Transportation

Sacramento International Airport signs agreement to allow Uber to serve travelers

The ridesharing company Uber, headquartered in San Francisco, has begun service to Sacramento’s airport and pays a small fee for each customer.
The ridesharing company Uber, headquartered in San Francisco, has begun service to Sacramento’s airport and pays a small fee for each customer. Associated Press file

Sacramento International Airport has given the Uber ride-share service the green light to drop off and pick up passengers and others on airport grounds.

The airport is already served by traditional taxis, shuttles, buses and limousine services, but officials said it is time to acknowledge the popularity of new ride-share companies that contract with private individuals using their personal cars as de facto taxis. Riders summon drivers via a few touches of a smartphone app.

“This agreement gives customers an additional choice for ground transportation services at Sacramento International Airport,” said Director of Airports John Wheat.

Airport officials say they have had talks about permitting other ride-sharing companies, also known as “transportation network companies,” to do business at the airport, but have not signed any other deals yet. After initial reluctance, San Francisco, Oakland, San Diego and several other California airports also now allow Uber and other ride sharers to do business on site.

“Our customers have asked us and asked us and asked us to bring Uber to the airport,” Sacramento airport spokeswoman Laurie Slothower said. The airport had recently allowed some ride-sharing drivers to obtain permits and serve the airport, but quickly stopped issuing permits when they were inundated with requests.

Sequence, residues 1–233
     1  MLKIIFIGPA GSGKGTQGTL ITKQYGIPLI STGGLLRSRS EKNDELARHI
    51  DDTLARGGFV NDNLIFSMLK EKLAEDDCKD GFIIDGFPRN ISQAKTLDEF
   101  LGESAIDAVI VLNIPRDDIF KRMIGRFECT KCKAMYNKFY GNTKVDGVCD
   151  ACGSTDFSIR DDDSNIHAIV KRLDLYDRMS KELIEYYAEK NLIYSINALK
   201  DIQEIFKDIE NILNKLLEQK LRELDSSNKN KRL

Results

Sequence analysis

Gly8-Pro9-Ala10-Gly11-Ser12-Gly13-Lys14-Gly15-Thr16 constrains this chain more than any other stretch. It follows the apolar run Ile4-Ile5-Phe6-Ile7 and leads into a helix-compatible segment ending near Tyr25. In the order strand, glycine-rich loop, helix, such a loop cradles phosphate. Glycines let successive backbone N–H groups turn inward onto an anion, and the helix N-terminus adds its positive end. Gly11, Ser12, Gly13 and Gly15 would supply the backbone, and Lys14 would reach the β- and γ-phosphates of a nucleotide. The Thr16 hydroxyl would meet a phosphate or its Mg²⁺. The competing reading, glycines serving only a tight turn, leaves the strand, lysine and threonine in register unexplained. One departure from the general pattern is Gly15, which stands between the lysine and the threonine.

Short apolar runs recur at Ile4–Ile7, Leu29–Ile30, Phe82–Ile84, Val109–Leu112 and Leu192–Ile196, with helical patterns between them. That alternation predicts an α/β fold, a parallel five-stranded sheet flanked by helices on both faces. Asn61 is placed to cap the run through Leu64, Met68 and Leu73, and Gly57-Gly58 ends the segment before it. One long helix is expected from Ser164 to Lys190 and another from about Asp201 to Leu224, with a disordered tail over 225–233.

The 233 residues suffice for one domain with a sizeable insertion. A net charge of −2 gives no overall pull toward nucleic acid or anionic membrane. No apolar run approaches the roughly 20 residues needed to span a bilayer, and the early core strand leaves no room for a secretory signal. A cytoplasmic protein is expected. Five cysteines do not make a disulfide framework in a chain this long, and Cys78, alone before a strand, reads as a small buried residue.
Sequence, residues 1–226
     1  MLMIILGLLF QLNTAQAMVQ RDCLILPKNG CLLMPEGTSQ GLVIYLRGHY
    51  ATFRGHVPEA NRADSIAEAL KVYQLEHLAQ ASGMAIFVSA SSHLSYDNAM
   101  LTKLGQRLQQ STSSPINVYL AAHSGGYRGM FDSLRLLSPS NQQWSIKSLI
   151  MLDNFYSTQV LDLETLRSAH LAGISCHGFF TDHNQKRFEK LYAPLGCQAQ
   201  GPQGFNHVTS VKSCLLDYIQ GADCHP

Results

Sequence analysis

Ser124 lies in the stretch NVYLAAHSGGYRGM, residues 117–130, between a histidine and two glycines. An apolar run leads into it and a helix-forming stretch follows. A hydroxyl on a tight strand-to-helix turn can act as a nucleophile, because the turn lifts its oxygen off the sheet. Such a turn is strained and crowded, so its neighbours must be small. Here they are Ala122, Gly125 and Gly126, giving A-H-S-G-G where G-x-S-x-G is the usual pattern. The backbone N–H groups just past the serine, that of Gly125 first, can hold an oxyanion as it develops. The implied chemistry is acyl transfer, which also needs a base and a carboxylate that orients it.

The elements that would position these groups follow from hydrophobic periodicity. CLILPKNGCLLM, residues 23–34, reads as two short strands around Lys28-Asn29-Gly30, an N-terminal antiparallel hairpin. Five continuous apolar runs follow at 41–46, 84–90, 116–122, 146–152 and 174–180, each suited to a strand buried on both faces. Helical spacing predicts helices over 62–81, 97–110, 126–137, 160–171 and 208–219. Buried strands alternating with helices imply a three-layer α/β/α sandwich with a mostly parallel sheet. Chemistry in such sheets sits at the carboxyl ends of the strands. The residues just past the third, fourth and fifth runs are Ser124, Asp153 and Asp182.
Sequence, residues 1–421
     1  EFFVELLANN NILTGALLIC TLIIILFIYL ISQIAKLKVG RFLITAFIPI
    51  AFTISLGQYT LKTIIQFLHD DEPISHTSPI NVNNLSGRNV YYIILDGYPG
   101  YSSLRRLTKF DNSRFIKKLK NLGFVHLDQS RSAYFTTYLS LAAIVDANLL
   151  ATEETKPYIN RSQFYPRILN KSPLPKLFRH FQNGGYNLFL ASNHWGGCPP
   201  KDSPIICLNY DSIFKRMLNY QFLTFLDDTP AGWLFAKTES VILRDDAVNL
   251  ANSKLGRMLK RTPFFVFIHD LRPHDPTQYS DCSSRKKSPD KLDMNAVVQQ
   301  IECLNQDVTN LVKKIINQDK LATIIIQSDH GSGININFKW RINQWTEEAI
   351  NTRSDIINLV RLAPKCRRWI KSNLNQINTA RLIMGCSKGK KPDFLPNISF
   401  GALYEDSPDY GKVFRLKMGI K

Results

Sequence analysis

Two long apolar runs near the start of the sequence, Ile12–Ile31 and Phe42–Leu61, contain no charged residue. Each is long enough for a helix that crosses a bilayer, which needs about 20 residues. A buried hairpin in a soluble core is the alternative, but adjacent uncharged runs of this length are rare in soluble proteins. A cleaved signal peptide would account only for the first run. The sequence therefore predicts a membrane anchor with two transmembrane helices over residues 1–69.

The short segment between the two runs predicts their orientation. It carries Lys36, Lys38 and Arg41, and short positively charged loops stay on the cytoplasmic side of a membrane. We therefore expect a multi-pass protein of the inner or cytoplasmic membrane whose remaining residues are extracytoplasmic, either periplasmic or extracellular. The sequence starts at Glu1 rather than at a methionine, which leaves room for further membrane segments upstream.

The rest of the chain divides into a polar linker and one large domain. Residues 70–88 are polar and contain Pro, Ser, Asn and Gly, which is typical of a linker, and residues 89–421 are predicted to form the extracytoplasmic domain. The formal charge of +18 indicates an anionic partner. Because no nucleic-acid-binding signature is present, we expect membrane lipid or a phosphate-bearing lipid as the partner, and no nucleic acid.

Uber Sacramento general manager Jay Gierak estimated the cost of an Uber ride from the airport to downtown would be in the $14 to $17 range, less expensive than regular taxi rates, which generally are $33 or more. However, Uber employs “surge pricing” during high-demand moments, causing fares to rise suddenly and dramatically. “We can’t predict (when),” Uber spokeswoman Laura Zapata said. “It’s supply and demand.”

Consumers who use Uber also will pay an add-on fee of $1.25 or $1.75, depending on the size of the vehicle. Uber will pass those proceeds on to the airport, according to terms of the deal.

The pickup area for Terminal A will be in the taxi area north of the terminal. For Terminal B pickups, riders will meet their driver at the commercial curb on the west side of the ground floor.

The first Uber user on Tuesday was Sonia Garcia, a nurse from Mexico City, who arrived on business. “It’s cheaper,” she said. “It’s comfortable. I use it a lot in Mexico City.”

The agreement to allow ride-sharing services to operate at the airport has drawn complaints from traditional taxi companies and drivers who feel they are being pushed aside.

Officials with Yellow Cab of Sacramento, the largest traditional cab company, note that Uber and other ride-sharing companies do not have to abide by any local taxi regulations. Those include a variety of safety checks of taxi drivers, including updated DMV checks of driving records. Ride-sharing companies are regulated by the state Public Utilities Commission.

“It is a travesty,” Yellow Cab official Victor Caballero said. “This is not just about unfair competition but rather public safety.”

Yellow Cab last month launched its own smartphone app, “Curb,” in an attempt to compete with the ride-sharing companies. The app allows riders to summon a cab with a tap of a button.

Related stories from Sacramento Bee

  Comments